With slower fires, you need to decide where the fire head or main area of burning is, and cut that off by using water sprayers and fire beaters to put out the fire. From the area of the most burn, you can then work your way down the fire edge, suppressing the flames where you can.
If you have a fire in high wind conditions, you may need to focus your efforts on saving your livestock and possessions instead of trying to fight the fire. This is the most dangerous situation, and it can cost you everything you have. Attempting to fight this kind of wildfire without proper training and high-tech equipment or manpower can cost you your life too.
Wait for professional firefighters to show up and assist you or clear the area.
Whether the wildfire is under control or running, ensure some of your staff or family members are ready to secure the animals in your care. If you have a barn, you can use it to shelter your animals, provided you’ve used fire retarding paint on the sides of your barn and ensured there are no fire fuel sources stacked up against the barn such as firewood, hay, or sawdust.
Five Steps to Prepare for Fire Season
Before the fire season starts, you need to prepare. This will require the following tasks and actions:
1. Think Defensively
Fire needs fuel to burn, so be sure to strip away low-hanging branches near your home and along the perimeter of your property. Keep a cleared space that is fuel-free around trees or forests. This means you need to do property maintenance during the year when there are no fires.
Remove the branches you cut and don’t leave them to dry out where they can catch fire during fire season.
Worst-case scenario, you will have a wildfire that destroys all your paddocks and pastures. If you consider your yard and home as the last line of defense, you can create a barrier that will repel most fires. Ensure there are no tall trees immediately near your home.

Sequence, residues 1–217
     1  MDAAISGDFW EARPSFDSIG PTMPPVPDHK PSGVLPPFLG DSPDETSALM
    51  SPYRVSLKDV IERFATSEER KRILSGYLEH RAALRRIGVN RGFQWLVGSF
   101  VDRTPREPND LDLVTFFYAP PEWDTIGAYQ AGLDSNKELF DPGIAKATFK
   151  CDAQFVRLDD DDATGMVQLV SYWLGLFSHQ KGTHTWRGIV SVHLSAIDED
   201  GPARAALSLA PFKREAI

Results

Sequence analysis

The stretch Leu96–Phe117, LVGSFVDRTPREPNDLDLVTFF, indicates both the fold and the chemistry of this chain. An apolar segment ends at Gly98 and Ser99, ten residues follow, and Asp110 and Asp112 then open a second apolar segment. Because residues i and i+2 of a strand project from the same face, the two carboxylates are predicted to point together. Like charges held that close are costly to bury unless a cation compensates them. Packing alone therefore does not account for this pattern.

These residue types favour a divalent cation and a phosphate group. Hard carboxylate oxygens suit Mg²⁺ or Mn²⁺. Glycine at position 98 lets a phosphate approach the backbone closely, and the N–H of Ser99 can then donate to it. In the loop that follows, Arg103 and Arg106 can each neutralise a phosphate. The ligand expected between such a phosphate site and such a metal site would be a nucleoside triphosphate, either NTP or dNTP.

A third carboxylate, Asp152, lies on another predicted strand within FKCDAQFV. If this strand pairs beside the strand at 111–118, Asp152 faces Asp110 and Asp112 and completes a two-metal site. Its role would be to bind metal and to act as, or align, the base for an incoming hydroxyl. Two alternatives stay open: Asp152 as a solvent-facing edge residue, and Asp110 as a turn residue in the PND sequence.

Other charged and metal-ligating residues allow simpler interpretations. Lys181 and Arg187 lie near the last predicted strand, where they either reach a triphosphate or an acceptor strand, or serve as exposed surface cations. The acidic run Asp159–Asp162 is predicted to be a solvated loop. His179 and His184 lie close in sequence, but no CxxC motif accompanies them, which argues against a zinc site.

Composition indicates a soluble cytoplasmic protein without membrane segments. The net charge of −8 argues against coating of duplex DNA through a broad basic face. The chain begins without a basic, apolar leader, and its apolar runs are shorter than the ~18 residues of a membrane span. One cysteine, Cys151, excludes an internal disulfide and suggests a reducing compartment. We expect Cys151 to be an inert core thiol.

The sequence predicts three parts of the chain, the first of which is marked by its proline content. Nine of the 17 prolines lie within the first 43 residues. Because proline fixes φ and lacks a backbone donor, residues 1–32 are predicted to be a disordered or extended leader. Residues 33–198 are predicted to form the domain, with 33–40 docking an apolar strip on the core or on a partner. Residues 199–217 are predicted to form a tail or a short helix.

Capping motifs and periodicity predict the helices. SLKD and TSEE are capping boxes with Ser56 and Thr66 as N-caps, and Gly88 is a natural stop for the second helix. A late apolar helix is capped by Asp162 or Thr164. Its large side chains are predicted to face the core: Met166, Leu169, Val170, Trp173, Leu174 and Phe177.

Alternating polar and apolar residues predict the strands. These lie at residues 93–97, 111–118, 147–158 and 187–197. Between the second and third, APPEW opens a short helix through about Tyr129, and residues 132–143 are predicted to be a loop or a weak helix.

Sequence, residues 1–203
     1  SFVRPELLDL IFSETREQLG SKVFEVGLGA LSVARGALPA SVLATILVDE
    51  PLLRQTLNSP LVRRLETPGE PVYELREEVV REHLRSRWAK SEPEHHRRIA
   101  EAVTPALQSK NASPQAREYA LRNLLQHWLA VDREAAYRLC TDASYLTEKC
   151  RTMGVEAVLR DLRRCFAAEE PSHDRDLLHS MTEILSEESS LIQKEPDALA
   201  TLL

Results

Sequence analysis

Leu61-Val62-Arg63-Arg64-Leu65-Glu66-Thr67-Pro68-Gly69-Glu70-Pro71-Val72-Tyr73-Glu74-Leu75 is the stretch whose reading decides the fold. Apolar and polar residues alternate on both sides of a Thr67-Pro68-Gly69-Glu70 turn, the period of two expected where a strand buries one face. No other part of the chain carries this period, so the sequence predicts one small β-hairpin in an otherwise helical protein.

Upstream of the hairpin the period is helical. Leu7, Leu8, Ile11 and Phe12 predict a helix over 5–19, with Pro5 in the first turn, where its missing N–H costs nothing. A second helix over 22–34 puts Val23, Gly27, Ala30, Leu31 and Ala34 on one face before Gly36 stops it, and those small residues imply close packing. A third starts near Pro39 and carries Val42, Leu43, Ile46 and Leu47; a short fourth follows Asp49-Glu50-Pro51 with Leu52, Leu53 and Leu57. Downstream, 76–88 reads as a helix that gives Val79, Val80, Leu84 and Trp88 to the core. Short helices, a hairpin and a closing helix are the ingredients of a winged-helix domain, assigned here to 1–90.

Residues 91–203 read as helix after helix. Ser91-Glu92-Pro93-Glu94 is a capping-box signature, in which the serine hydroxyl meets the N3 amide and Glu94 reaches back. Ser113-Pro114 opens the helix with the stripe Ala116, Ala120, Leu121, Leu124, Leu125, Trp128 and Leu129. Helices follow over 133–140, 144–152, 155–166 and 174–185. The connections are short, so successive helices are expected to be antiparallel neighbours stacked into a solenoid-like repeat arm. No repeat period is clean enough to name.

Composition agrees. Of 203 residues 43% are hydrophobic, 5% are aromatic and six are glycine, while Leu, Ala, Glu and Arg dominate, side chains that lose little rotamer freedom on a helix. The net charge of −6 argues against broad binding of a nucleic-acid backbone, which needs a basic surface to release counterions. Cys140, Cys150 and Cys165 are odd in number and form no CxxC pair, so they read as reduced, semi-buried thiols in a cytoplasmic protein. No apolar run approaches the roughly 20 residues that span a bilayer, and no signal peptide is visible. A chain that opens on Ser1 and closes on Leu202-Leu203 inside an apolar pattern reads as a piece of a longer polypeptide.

Plant a hedge of green vegetation that will not burn easily around your yard, or better yet, ensure there is an area of well-trimmed grass that will not produce high flames around your home.
Work on the principle of twice the expected flame height, and you can create a bare strip or barrier of up to 200 yards. I like making a sandy stretch that runs around the yard, which serves as a little racecourse for my kids to race their ponies on and keeps the fires away from the yard and our home.
Having a stone wall around the outside of your yard will also help by being a fire-retarding barrier. Avoid having wooden picket fences immediately around your yard or home as these are highly flammable.
2. Clean Up
It’s natural during winter for dead plant matter to accumulate, and this can provide tinder for fires, so clear out gutters, sweep out old storerooms, and ensure you keep your farmyard nice and neat. Rotting bales can easily become firebombs when there is a fire in the area. Don’t leave those around. Ensure your muck heap gets cleaned out regularly too.
Check firebreaks for any branches or hay that may have landed on them once you’ve burned as these can lead to fire spreading. Rake fallen leaves from firebreaks, and ensure you don’t have leaves accumulating in your yard either.
3. Get some Training and Practice